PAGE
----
Wesley Carr CC
Fixing What’s Broken on Monday Afternoon
Sitting in a grey-back chair
in front of beveled glass, I open
my father’s dictionary.
The spine’s twine is stripped away
and its pages are full of crayon circles
around words like ferret and chariot.
When he died twenty-five years ago
and I couldn’t move on after three
my friend J said, “It’s time.”
Last night I had a dream I was cleaning
raw eggs spilling over the kitchen counter
onto bar stools, onto the linoleum floor. And
each time I’d wipe, the yoke would scramble
through the paper towels. I’m always trying
to clean up the messes left behind.
Always. Always. Always.
But “the ghosts that we knew
will flicker from view” and I’m sorry
he left before I could hear him say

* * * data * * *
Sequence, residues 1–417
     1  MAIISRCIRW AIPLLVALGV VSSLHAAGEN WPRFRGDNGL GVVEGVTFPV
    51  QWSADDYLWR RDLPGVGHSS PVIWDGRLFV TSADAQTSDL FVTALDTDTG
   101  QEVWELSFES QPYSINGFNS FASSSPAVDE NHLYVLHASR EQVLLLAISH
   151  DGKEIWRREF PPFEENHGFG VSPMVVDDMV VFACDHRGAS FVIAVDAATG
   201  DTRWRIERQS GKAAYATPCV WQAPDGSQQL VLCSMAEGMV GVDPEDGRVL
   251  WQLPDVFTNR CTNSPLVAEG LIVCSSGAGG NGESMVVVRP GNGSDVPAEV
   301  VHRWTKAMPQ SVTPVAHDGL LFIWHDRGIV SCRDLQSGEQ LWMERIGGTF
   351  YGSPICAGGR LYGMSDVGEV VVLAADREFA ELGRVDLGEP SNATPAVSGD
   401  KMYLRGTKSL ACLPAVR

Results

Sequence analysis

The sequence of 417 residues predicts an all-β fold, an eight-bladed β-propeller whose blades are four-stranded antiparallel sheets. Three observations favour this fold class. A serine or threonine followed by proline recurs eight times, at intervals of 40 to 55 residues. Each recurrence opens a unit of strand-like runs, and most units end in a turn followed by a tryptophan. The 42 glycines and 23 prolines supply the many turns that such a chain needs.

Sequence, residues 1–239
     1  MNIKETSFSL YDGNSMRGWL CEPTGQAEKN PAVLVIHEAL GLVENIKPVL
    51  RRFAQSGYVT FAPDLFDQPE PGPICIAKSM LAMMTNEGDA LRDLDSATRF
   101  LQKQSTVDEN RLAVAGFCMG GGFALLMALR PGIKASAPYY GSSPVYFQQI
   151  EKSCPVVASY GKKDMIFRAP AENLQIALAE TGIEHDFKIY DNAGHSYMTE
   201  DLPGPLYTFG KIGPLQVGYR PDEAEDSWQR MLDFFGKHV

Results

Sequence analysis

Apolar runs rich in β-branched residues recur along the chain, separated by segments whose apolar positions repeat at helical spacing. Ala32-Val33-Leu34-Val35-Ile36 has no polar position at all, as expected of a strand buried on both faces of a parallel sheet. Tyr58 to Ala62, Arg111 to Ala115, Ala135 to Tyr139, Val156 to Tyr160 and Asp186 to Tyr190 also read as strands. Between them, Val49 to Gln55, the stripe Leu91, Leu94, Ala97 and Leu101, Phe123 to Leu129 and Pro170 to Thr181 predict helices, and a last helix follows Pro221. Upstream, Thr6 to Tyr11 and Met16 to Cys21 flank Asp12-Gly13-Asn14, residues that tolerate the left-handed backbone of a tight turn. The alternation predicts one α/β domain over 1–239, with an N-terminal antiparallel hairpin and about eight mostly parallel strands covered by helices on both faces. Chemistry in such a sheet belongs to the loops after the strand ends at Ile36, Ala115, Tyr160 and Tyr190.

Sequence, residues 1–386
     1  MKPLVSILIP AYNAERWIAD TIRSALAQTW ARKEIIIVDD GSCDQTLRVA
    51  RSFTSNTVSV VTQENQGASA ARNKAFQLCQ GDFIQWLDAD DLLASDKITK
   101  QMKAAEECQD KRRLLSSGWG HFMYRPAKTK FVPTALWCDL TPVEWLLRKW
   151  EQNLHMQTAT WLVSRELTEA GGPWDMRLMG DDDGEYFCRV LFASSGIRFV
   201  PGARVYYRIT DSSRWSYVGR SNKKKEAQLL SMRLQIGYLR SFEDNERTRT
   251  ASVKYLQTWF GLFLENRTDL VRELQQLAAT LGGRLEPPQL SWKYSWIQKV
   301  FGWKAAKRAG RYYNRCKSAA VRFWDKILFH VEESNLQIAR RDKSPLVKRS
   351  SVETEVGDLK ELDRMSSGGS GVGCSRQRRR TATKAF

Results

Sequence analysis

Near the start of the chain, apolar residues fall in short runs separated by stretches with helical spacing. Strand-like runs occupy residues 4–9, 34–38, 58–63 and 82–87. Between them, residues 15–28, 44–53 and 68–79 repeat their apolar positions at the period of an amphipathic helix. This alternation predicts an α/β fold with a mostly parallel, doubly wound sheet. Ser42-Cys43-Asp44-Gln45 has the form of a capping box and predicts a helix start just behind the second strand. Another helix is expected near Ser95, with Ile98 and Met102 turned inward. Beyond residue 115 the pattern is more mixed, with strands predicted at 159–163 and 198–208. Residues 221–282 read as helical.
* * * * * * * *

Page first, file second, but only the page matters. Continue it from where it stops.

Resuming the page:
“I’m sorry.” It’s 12:30PM on July 5th.
I’m scared that I will never be able
to clean everything that needs cleaning.
Because I love when the ocean cracks
over my feet and carries what’s broken away.
Chantel L. Carlson is a poet and playwright from Arlington, TX. She is an Instructor of English at Texas Christian University, where she teaches Modern Drama/Poetry, creative writing, gender studies, and film. Her poetry has appeared in The Southern Poetry Anthology, Volume VIII: Texas, Writing Texas, Unlocking the Word: An Anthology of Found Poetry, and is forthcoming in The Louisiana Review. Her poetry chapbook, Turning 25, was published by Nous-zot Press. In addition, her one-act play, The Exhibit, was published by Next Stage Press, and her dramatic scene “Distance” was published in Writing Texas. She received both an M.A. and Ph.D. in English/Modern Drama with an emphasis in creative writing from the University of Louisiana at Lafayette. She loves Mardi Gras parades. And crawfish etouffee.
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